Ash Wednesday is this week, and the day marks the first day of Lent for 2010. Last year, I celebrated Lent with an established community–we supported each other, encouraged each other, and had the best celebration I’ve ever had on Easter Sunday. For Lent last year, I gave up caffeine for the 40 day period, and the experience was really good. I was more focused and less dependent on caffeine to get me through the day. But more than just the physical fasting, I strove to give myself and my desires over to Christ, particularly the overwhelming desire that I have, as most single females to do, to be in a relationship. Those 40 days were a struggle. I never realized how much time I spend letting my mind wander…imagining how conversations could have gone differently, overanalyzing text messages and phone calls, asking “what if” questions that end up destroying my mindset. At the end of the Lent season, my heart had been transformed.
This is not to say that all is perfect. I still struggle often with those same issues. However, I’ve noticed a marked difference in the way that I perceive relationships. Less angst. More waiting. More hope.
This year, I’m approaching Lent in a slightly different way. The emotional fasting, if you will, will be the same. Can I surrender every aspect of my life to Christ? Can I surrender control? Can I spend my time in ways that reflect Christ’s glory? And can I encourage others in this same journey?
But the physical fasting will be different. I honestly don’t want to give up caffeine again. I know part of it is fear, but my life is so much more hectic now, and caffeine is often the best stimulant I have to get me through those superlong days. However, I will be giving up two things that are quite important to me: Facebook and Twitter.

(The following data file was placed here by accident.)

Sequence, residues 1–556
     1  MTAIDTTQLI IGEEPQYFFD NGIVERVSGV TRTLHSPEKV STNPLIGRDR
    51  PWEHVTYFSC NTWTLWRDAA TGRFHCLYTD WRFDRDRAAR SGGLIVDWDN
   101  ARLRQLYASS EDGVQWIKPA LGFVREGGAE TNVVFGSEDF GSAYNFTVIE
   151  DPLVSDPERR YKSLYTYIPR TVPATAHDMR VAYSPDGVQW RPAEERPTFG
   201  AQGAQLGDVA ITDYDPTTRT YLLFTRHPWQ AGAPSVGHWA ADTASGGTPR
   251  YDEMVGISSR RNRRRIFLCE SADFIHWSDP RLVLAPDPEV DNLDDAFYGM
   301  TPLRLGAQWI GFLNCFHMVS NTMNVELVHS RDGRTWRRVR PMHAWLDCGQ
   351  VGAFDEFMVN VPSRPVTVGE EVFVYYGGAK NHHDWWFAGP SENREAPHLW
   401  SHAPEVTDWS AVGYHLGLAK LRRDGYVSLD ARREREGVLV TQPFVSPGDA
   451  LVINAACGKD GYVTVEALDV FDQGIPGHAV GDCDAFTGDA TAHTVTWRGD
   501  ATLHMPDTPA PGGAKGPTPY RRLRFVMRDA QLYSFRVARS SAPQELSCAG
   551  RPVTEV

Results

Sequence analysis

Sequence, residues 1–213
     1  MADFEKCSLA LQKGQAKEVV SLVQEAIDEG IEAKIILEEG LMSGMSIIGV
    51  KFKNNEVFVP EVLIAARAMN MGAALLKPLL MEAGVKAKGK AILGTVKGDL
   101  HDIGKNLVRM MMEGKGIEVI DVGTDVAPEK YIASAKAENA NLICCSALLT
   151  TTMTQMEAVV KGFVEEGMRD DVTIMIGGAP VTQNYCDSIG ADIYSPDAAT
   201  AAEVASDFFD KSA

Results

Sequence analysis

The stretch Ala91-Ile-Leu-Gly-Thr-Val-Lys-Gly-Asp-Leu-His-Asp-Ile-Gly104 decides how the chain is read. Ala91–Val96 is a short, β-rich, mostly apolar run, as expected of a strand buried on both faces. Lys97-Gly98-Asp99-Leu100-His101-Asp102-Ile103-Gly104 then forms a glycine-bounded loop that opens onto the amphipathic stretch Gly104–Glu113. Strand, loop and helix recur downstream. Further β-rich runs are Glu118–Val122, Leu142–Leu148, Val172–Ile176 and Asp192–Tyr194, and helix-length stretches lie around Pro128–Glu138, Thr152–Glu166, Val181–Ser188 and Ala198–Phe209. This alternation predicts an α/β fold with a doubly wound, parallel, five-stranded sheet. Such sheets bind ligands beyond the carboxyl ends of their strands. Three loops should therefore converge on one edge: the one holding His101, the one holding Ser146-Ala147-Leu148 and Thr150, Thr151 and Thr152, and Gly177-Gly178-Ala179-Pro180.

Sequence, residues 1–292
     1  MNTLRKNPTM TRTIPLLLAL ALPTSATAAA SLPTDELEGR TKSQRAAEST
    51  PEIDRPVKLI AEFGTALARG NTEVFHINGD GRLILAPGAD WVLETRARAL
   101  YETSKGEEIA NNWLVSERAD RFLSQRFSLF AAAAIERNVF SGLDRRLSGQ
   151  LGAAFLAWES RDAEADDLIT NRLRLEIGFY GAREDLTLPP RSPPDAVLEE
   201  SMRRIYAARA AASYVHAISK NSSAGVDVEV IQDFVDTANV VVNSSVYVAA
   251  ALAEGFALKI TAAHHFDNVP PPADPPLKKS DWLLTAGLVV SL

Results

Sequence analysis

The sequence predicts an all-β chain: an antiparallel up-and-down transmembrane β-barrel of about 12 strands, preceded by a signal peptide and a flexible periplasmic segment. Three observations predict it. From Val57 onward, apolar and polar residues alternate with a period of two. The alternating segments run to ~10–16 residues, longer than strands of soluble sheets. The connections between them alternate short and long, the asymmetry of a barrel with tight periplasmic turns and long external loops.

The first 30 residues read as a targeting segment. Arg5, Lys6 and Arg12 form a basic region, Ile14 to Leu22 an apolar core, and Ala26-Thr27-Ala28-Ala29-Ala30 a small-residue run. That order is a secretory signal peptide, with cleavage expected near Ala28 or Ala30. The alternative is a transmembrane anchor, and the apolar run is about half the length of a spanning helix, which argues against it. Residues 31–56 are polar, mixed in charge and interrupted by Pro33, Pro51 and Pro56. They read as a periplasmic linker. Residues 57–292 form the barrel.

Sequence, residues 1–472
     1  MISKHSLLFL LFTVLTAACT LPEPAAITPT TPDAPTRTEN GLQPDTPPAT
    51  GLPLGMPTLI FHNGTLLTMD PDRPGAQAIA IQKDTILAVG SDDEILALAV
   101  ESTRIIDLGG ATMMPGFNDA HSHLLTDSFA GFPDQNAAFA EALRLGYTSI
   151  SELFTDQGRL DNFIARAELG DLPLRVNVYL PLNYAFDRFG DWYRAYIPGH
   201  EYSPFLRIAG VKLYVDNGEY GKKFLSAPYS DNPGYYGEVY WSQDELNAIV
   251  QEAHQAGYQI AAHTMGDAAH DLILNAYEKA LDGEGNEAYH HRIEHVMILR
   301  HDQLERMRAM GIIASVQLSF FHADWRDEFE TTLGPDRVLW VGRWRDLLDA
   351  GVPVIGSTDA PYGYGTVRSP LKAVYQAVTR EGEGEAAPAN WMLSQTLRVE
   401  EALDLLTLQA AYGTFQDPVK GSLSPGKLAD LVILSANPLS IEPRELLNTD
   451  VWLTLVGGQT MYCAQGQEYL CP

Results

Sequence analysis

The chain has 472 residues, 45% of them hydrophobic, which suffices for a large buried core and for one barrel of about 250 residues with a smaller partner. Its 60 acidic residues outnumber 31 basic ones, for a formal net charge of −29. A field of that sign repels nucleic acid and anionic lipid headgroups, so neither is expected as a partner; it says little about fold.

I anticipate several outcomes of this. First, more time. For homework, for friends, for Jesus. 🙂 Second, I expect that I’ll need to find alternate ways of communicating with people, of seeking community. The Twitter updates that are sent to my phone are often the way I keep up with friends who don’t live in my apartment, and that’s not good enough. Those updates will be turned off, and I’m deleting the Twitter number from my phone until after Easter. Facebook is even worse–I know so much about my friends’ lives because it pops up on a computer screen, not because I’ve talked to them. For 40 days, it will be a challenge to seek community. [Note: I will be checking in on Sundays. But just once for Facebook, and I don’t plan on checking Twitter at all.] Third, I expect to blog and journal more. I use Twitter as a virtual scrapbook of things that happen in my life. If I go 40 days without sending a tweet, I’ll need a record of all that.
That’s my goal for the next seven weeks. If you need me, comment on my blog. Email me. Call me. Or–shocker–come see me! We’ll communicate the way the old folks do! 🙂